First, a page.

Wednesday, September 30, 2015

Temp in the 50s, overcast, rain, S wind 15-30 mph, increasing as the day went on.

Sweeper Cove and channel were pretty empty of birds. This was the highest tide we’ve had this trip, leaving little shorebird-attractive shoreline along the creek. The strong wind and rain didn’t help, either.

After checking the Warbler Willows, we drove out to Lake Andrew. As we drove along the shore, a Northern Harrier popped up and, with a 30 mph tailwind, quickly disappeared ahead of us. It was a female, but we never got close enough or photos to determine if it was the American or Eurasian race. The one we had in September 2009 was American.

After going back and forth on the road hoping the bird would circle back, we spotted three Eurasian Wigeon on the lake. So far this year, the wigeon have all stayed at a distance not suitable for photography, but these were much closer — albeit in lousy light conditions.

Eurasian Wigeon, Lake Andrew, Sept 30, 2015.

Eurasian Wigeon, Lake Andrew, Sept 30, 2015.

Eurasian Wigeon, Lake Andrew, Sept 30, 2015. Braving the wind-driven waves.

Eurasian Wigeon, Lake Andrew, Sept 30, 2015. Braving the wind-driven waves.

The wind was howling out at the Seawall, but the waves were smaller than yesterday. We finally found a Common Loon for the triplist. We also saw a parade of Albatrosses, just visible with binoculars, but just far enough out and with poor visibility as to make species identification impossible. We counted at least 8, and if we had scanned some more, we probably could have counted more.

The waterfowl flock on Lake Shirley continued with Greater Scaup, Eurasian Wigeon, Northern Pintails, Mallards, and were joined by two Northern Shovelers.

Nothing else of note today. We ended earlier than usual because the weather was getting worse.

We leave tomorrow at 6 pm (Adak time) and expect to arrive home Friday around 5 pm est.

The final wrap-up post will be posted Saturday morning (unless the Anhinga at Tinicum is still being seen and we run down to get it!).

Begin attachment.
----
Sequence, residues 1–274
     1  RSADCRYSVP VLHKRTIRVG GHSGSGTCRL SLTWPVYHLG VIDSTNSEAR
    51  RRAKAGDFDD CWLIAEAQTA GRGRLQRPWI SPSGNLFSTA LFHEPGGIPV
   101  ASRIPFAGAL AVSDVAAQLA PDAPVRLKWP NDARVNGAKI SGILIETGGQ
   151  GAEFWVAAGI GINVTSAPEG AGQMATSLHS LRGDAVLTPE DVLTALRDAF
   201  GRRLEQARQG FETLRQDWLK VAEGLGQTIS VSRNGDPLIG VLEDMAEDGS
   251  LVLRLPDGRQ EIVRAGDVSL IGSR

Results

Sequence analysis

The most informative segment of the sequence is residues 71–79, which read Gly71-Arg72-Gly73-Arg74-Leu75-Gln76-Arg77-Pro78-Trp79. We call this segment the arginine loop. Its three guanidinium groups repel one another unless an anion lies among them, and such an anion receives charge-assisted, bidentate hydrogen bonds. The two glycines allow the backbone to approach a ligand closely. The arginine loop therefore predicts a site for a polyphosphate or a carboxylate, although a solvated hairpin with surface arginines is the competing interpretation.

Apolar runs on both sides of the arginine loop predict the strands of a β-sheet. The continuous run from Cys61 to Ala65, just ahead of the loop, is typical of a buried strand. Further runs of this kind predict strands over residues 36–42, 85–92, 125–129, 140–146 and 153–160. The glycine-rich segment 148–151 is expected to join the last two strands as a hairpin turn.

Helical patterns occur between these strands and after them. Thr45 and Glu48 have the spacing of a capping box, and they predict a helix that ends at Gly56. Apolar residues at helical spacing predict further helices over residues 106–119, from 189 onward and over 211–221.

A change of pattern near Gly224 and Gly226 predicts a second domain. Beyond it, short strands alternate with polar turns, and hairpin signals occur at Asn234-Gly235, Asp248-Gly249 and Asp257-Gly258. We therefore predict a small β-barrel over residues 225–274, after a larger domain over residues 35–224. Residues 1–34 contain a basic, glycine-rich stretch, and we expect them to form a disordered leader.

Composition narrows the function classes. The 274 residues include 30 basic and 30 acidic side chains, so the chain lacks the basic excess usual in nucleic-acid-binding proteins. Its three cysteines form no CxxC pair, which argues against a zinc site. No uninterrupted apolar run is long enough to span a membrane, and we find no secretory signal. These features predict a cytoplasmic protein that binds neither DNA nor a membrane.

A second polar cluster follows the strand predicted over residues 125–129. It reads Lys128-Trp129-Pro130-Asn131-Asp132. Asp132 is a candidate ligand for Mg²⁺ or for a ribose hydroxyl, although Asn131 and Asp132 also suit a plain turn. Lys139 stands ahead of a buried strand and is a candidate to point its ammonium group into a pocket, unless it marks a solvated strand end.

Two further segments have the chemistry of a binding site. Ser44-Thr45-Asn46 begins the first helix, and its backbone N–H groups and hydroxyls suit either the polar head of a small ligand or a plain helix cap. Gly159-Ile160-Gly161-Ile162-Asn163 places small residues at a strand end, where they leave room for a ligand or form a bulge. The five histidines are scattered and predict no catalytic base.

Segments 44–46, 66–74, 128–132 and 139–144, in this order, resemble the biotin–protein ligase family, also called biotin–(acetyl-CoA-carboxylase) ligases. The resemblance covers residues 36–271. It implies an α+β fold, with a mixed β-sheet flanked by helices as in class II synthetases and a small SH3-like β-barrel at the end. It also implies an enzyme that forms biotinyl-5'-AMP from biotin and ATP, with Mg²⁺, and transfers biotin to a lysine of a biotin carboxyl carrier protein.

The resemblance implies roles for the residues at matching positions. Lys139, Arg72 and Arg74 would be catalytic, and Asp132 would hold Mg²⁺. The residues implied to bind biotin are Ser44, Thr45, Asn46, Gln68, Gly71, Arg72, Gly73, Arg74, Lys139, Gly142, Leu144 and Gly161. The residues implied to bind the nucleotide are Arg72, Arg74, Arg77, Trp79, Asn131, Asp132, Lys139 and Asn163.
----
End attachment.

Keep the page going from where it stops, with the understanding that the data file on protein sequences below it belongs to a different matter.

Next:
Triplist is 55.

Tuesday, September 29, 2015

WARBLER! WARBLER! Well… let’s not  get too excited…

Temp in the 40s, sunny, south wind 10-15 mph

We woke up to something we had never seen on Adak — a clear sky! Not a cloud to be seen! Because of the clear skies and diminished wind, the temperature dropped to 32. We had to scrape the ice off the car windows. Mt Moffet received its first snow of the season — just a dusting, which melted off by midday. Mt Sitkin (1800 Ft higher) got more snow, which didn’t melt off.

While drinking her morning coffee and watching our birdfeeder, Barb saw a flock of 4 Redpolls come in briefly, but they moved on before I could get there.

At Sweeper Cove, just like yesterday, we found an immature puffin. Only this time it was a Horned.

Juvenile Horned Puffin, Sweeper Cove, Sept 29, 2015.

Juvenile Horned Puffin, Sweeper Cove, Sept 29, 2015.

I walked much of Contractor’s Camp Marsh today and found exactly zero shorebirds!

The longspur numbers are diminishing rapidly.

We got up to the willows below Haven Lake (which we used to call the Boy Scout Cabins Willows — see below) around noon. As I walked over to the willows, I saw a bird flitting. I got on it immediately (while shouting to Barb “Warbler!”) and my first reaction was “Oh crap, a confusing fall warbler!”